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Austin

Cofounder @ Manifold Markets
2552 karmaJoined Jul 2020San Francisco, CA, USA

Bio

Hey there~ I'm Austin, currently building https://manifold.markets. Always happy to meet people; reach out at akrolsmir@gmail.com, or find a time on https://calendly.com/austinchen/manifold !

Comments
164

Thanks, Nathan!

All of the development for the Manifund site has been done by our team (Rachel and me, with contributions from Lily and others). We do sometimes copy over snippets from the Manifold codebase, but haven't ever asked them for dev work.

Depends a bit on what you mean by non-standard funders? Our individual donors come from backgrounds in finance, crypto, ML, and tech; there's a lot of overlap with "person who might give to the LTFF". We would like to broaden our reach to include other kinds of funders, for sure.

  1. (Briefly: we got into this via a loose monetary policy involving lots of printing mana for bonuses and subsidies, in order to encourage engagement. But there's historical precedent for this - eg Paypal famously gave away $10 to every user to get their network effects started)

    I think our monetary situation is actually fine. It's tempting to look at things from a cash balance perspective because it's simple, but that's pretty naive. This post from CommonCog has informed my thinking of these kinds of things:

    "People with limited understanding of business think that business is all about making profits. But those who actually run businesses know that running a business is all about managing cash flows."

    Manifold users don't actually cash out that much, so we shouldn't actually need that much cash on hand. Another point Zvi raised is that very few online sportsbooks maintain enough cash on hand to fully pay out all users -- it just doesn't make business sense to do this, you grow more slowly if you commit to holding extra cash.

    The equity value of Manifold dominates the cash considerations (we last raised at $40m valuation), so from our business perspective we can eventually back assets just by raising more. The point of this pivot is to drive enough interest & mana purchases to get us to a Series A, after all.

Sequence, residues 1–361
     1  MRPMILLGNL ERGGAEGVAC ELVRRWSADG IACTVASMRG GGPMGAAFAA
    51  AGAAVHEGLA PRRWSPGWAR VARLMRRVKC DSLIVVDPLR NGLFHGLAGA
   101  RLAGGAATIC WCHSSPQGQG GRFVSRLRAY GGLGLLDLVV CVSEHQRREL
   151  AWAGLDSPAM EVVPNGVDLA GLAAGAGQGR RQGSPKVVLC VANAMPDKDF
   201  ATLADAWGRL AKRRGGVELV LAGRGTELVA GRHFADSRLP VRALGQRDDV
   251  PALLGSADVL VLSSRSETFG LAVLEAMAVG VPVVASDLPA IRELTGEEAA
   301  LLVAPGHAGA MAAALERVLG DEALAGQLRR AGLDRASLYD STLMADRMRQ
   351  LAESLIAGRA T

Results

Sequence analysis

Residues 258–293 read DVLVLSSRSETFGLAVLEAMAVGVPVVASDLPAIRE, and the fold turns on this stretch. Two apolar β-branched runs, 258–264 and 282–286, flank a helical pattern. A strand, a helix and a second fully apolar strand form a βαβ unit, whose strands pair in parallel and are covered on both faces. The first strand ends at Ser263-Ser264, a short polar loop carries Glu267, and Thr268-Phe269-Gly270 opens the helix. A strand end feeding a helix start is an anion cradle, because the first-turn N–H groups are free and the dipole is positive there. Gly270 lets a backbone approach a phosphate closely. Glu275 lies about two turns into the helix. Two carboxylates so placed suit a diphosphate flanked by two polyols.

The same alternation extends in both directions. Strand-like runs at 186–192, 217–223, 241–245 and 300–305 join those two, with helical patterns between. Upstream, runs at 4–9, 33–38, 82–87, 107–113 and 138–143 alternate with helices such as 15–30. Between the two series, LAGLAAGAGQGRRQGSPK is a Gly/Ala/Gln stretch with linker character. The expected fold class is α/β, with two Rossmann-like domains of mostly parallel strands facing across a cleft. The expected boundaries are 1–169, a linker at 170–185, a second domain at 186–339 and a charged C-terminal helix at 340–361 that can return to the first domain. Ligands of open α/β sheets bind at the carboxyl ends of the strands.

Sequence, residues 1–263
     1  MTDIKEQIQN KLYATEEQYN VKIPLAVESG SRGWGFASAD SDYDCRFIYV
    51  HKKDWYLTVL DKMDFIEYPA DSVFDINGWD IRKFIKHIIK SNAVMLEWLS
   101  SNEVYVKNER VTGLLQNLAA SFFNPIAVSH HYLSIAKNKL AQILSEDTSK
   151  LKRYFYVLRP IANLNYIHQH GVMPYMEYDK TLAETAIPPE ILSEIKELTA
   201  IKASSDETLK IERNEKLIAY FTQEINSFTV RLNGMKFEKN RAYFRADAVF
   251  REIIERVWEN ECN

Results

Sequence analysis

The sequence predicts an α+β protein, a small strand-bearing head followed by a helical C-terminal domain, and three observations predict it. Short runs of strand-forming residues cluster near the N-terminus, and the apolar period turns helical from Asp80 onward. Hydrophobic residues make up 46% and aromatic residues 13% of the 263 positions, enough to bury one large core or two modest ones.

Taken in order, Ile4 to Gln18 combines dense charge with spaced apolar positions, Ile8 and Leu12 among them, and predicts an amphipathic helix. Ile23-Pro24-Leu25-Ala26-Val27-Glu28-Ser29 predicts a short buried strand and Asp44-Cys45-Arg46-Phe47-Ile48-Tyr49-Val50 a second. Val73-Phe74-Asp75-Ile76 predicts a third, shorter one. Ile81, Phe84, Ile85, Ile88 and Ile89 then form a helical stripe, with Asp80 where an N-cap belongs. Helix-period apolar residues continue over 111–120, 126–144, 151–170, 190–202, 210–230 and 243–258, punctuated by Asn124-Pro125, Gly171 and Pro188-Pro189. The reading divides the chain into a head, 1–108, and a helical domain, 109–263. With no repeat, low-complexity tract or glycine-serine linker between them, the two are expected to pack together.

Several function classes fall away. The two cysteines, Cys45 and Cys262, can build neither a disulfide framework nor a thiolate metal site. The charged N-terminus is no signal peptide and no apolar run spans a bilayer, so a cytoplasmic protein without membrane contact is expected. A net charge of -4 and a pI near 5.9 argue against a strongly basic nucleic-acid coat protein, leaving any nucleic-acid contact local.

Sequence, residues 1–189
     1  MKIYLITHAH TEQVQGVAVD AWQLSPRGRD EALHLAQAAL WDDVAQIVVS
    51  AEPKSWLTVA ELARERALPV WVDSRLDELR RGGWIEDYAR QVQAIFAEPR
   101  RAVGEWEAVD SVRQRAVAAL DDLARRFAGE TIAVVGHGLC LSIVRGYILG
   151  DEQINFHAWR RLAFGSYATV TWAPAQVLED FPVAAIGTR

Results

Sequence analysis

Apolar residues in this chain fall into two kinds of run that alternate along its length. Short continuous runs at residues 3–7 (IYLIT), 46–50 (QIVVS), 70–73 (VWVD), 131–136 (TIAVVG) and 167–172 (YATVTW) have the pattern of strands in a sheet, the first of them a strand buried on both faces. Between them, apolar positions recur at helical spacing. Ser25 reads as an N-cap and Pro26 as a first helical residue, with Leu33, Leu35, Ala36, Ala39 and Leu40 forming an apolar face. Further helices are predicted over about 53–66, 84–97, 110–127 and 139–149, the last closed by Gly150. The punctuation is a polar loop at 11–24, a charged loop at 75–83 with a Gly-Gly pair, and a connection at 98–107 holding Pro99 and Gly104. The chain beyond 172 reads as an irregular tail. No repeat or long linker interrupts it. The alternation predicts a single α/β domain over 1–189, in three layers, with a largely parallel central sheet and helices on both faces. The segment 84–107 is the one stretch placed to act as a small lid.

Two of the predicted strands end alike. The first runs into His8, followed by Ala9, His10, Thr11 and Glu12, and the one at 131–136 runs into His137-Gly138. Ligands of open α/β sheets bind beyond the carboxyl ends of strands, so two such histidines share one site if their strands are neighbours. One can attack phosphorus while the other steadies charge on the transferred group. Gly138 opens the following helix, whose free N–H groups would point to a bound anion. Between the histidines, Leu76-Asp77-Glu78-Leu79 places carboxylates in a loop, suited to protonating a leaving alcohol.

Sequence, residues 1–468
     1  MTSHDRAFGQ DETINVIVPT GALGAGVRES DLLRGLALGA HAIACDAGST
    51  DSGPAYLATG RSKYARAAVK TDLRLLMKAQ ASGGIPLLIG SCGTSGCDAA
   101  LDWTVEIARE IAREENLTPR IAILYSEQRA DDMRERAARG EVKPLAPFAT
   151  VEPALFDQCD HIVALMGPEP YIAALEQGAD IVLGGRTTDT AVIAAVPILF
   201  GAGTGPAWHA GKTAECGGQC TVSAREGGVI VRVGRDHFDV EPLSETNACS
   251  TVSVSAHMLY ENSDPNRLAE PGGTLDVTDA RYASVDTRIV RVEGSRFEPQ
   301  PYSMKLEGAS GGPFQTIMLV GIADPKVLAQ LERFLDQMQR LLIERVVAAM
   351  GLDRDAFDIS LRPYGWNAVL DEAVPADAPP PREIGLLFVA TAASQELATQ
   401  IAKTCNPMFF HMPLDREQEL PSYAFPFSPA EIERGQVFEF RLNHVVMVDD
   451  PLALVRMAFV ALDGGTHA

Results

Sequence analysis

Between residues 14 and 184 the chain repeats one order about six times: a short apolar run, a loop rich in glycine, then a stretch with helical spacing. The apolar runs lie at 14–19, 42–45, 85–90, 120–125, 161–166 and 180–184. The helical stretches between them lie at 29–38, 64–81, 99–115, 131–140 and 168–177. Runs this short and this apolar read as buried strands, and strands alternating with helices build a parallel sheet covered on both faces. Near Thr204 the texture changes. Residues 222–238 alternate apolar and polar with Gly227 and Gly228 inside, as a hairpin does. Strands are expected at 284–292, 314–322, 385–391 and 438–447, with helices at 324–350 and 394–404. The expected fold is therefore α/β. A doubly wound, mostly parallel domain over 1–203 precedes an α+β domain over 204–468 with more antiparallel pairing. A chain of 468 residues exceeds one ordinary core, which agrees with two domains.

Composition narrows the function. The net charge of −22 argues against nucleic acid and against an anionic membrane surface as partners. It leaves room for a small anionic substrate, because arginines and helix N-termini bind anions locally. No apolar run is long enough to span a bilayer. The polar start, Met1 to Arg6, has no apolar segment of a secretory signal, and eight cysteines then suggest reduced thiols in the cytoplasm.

2. Shrug, as above, I don't think we've really historically screwed up; I'm in the weird position of simultaneously trying to talk my cofounders out of this 1000:1 thing and trying to publicly explain our actions at the same time...
  3. Yeah, I agree the short notice is very bad. I think the rationale is that the Google Form for loans below will basically be given to anyone who reasonably applies, so our users shouldn't be that badly affected.
  4. Yeah, I was already pretty unhappy when I first heard the proposal to be 200:1; 1000:1 seemed much worse. Idk, again, I think it's a bad idea.

Yeah - though in practice the charity payouts are transferred once a quarter anyways, so a month or two delay in rolling out payouts wouldn't change the results much.

In any case, definitely think now is a great time as any to do your charity allocations, given our general uncertainty on how all of this will look!

(I'm pretty bullish on sweepstakes payouts actually happening, I think like 80% chance this year. If they don't, then probably something like the charity program would make sense again)

Austin
1mo17
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Thanks for posting this, Henri! I'm happy to answer any questions you might have regarding the changes here, the donation program, the future of Manifold or anything else like that.

Very briefly: